IBM is continuing to bolster its MobileFirst offerings with this week's acquisition of an industry leader in enterprise mobility management.
IBM will purchase Blue Bell, Pa.-based Fiberlink Communications and utilize its cloud-based MaaS360 enterprise mobility management (EMM) platform as part of its IBM SoftLayer cloud infrastructure, the company reported.
Chris HazeltonMobile Analyst
The move to get MaaS360 into the IBM fold will allow the tech giant to offer cloud-based or on-premises mobile device management (MDM), mobile content management and mobile application management, as well as containerization.
MaaS360 is the latest service to be rolled into the IBM MobileFirst platform, introduced earlier this year and now includes more than 10 of IBM's mobile acquisitions from the last four years. The platform aims to help IT departments not only manage mobile devices but also build customer-facing applications and deploy internal applications.
IBM did not disclose the financial terms of the acquisition, adding the deal is expected to close later this year.
IBM sets its sight on mobility
Analysts reacted to the news without much surprise, believing Fiberlink was a natural play for IBM.
"They're really looking to become a provider focused on mobility," said Chris Hazelton, a mobile analyst and research director at 451 Research.
When IBM acquired Israel-based Worklight in 2012, it gave IBM a development tool for companies to build enterprise applications for themselves. But IBM was still missing the management side of the enterprise mobile equation, and Hazelton believes Fiberlink will give them that with MaaS360.
"[Fiberlink] has very strong management tools for devices," Hazelton said. "As a strategic idea, this is IBM bolting on the last, final tools to provide end-to-end mobile management."
IBM had offered some MDM tools internally but adding Fiberlink will allow them to expand beyond that, according to Michael Finneran, a mobile analyst and president of dBrn Associates in Hewlett Neck, N.Y.
"Fiberlink is entirely a cloud service and what IBM has is a lot of on-premises components," Finneran said. "This lets IBM expand significantly on mobile and they picked a good one [in Fiberlink]."
Finneran added it was "nice to see" the development for Fiberlink after he believed they'd fallen back in the EMM pack, especially following Citrix's purchase of Zenprise, which eventually led into the creation of its XenMobile platform.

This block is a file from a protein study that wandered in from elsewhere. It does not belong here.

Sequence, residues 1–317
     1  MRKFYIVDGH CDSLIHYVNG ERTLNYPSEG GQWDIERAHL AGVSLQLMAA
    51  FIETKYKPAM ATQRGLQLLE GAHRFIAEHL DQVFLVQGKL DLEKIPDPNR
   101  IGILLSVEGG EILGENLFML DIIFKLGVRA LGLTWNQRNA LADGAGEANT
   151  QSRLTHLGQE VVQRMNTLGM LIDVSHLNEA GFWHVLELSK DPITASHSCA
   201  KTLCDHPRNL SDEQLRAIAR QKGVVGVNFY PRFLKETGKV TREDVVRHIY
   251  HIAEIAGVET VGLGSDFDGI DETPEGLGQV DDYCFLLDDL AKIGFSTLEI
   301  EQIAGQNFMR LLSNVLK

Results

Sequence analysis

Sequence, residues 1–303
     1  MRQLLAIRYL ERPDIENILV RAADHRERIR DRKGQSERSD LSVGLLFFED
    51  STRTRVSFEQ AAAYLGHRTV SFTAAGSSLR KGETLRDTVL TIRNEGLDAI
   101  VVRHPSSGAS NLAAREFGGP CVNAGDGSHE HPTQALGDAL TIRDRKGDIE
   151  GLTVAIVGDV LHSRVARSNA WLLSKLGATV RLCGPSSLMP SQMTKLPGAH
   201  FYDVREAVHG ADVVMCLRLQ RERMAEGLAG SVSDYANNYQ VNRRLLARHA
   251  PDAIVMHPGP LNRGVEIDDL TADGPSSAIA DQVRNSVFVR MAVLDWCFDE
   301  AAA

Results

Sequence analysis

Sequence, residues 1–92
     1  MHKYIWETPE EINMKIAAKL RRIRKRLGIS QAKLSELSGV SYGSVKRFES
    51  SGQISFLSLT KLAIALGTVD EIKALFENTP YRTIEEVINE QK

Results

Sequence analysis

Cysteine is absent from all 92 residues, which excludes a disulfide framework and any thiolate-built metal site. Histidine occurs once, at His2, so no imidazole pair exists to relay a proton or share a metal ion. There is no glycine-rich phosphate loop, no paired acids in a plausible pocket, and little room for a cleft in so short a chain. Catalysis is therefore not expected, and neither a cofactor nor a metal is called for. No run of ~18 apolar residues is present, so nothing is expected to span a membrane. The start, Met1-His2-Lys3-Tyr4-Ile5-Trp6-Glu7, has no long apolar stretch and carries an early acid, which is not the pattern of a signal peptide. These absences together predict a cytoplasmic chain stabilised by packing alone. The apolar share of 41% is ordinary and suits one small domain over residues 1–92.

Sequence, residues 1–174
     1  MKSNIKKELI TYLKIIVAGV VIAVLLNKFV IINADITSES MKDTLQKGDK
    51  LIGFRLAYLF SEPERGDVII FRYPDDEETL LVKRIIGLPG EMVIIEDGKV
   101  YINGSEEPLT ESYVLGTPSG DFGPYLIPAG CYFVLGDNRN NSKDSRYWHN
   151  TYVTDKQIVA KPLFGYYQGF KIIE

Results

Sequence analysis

"It's good to be in IBM's corner," Finneran said.
The move also contributes to the growing trend of smaller EMM and MDM providers getting gobbled up by bigger shops. Both Hazelton and Finneran noted that with Fiberlink's purchase, only AirWatch and MobileIron remain as independent EMM platforms in what they considered the top tier of services.
"Everyone's buying up everyone," Finneran said. "I think you're going to start to see the smaller guys at the bottom start to disappear."
"It shows the progression of MDM and mobile," Hazelton said. "This is where IT is going to invest for several years to come."
Why Fiberlink for IBM?
IBM executives believe Fiberlink's addition will help companies accept EMM if they'd been unsure in the past. They said a significant factor holding enterprises back is security especially in the "bring-your-own-device" world and Fiberlink, combined with other aspects of the MobileFirst platform, could assuage some of those fears.
"We see a lot of management insecurity," said Phil Buckellew, IBM's vice president of enterprise mobility. "Companies are not confident about putting their capabilities on what they don't own…We're assembling the tools and building a portfolio for enterprise to feel confident."
The combination of Fiberlink and IBM's August acquisition of Israel-based mobile security company Trusteer is expected to add to what Caleb Barlow, IBM's director of application, data and mobile security, called the company's "string of pearls" for EMM.
There were many factors that attracted IBM to Fiberlink, including its organic integration capabilities, fast and simple device enrollment, a trend toward software as a service and cloud-based mobile management, past partnerships with Fiberlink and client recommendations.
For example, an option that would change the native experience on mobile devices was considered a nonstarter for IBM, according to Barlow.
Barlow and Buckellew did not have additional information on when IBM will offer Fiberlink's capabilities since the sale hasn't closed yet. Barlow expects it to come together quickly once regulatory review is completed.
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